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ITE and APBP Joint Profile: Kate Whitfield
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February: Kate Whitfield, P.Eng., MCIP,  RPP

Our first ITE and APBP member to be featured, Kate Whitfield, P.Eng., MCIP, RPP, is a senior engineer/planner at Alta Planning + Design, Inc. - Canada. Kate has been on the APBP Board since January 2015 and chairs the Alliances Committee. She specializes in multimodal transportation and has a love of cargo bikes. In the fall of 2017, Kate taught for the first time a term of Urban Planning to fourth-year engineering students at Carleton University. Kate helps manage the Alta Canada operations from Ottawa, Ontario.

ITE/APBP: How did you get interested in transportation as a profession, with a focus on walking and bicycling?

KATE WHITFIELD: My undergraduate degree is from the University of New Brunswick (UNB) in engineering. While at UNB, my mentor introduced me to urban planning and encouraged me to be on the steering committee for the Campus Plan. He saw that I wanted a non-typical engineering career. With his advice, I attended Queen’s University for a masters of Urban and Regional Planning. I then learned a great deal from my first job in Ottowa with a local consulting firm where I enjoyed working on a variety of different municipal and transportation engineering and planning jobs. I was searching for a field of expertise that would bring together an element of technical skills, people skills, and quite simply—joy. Growing up active with an interest in the environment, and then living in a walkable community and having young kids, helped drive my focus on walking and bicycling. I truly see it as an essential part of great city building.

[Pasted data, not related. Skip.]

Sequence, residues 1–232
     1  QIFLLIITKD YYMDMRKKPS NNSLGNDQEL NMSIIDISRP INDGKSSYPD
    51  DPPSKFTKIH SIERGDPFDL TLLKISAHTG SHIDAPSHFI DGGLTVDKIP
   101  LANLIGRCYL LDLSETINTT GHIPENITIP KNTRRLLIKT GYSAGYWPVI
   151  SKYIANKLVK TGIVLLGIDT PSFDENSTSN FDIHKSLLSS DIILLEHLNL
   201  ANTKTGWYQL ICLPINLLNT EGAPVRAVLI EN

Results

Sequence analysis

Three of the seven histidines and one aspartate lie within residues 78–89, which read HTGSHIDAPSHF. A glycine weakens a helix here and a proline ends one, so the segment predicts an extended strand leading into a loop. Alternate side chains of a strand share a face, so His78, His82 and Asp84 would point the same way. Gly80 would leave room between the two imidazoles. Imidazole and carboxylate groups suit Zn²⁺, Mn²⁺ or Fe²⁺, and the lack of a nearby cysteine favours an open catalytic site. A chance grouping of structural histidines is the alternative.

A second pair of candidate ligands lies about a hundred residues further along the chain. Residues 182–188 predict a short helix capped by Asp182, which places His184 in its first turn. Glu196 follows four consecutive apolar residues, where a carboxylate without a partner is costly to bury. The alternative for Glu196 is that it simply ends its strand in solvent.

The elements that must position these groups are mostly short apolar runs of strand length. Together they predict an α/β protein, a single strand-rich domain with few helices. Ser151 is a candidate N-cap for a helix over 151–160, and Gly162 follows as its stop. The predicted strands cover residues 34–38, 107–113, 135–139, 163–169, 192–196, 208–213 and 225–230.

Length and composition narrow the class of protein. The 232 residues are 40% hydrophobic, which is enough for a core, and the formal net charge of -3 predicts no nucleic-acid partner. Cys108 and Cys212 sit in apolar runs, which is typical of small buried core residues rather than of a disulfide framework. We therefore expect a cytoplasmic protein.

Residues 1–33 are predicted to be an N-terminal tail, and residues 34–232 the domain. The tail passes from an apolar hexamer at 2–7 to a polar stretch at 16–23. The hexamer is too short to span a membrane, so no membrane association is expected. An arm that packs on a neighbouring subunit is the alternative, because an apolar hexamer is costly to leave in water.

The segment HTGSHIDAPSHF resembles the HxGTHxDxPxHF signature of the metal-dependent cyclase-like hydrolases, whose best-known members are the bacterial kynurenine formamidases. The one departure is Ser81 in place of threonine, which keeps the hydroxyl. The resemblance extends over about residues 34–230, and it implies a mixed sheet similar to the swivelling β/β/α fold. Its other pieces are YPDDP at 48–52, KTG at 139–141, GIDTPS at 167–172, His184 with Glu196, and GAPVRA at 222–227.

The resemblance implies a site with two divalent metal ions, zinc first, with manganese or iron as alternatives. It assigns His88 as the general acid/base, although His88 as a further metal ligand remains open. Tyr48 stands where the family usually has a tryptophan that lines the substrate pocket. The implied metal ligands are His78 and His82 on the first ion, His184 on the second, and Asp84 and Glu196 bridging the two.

ITE/APBP: What does walking or bicycling mean to you in your personal life?
KW:
 Walking and bicycling as part of regular, everyday life is important to me and to how I represent what I do profes- sionally in a work setting. When I am active it helps me with the typical reality of work-life balance in busy times. It also can provide some of the best quality time with my children (as part of the “commute” and not just recreation). It connects me to my community. A nod to a neighbour or a conversation on the street happens by bike or foot. I also find it opens up my socio-economic world. Seeing an elderly lady with her grocery cart waiting for a bus in a snowbank is a reminder that the decisions we make affect everyone. It is fair to assume that she is taking the bus and not driving that day not as a statement of her commitment to environmental protection but because that is her option. It should be viable and enjoyable for all. Improving walking and biking environments is a transportation equity issue.

ITE/APBP: How did you become a member of APBP and ITE, and what synergy do you gain from being a member of both organizations?
KW: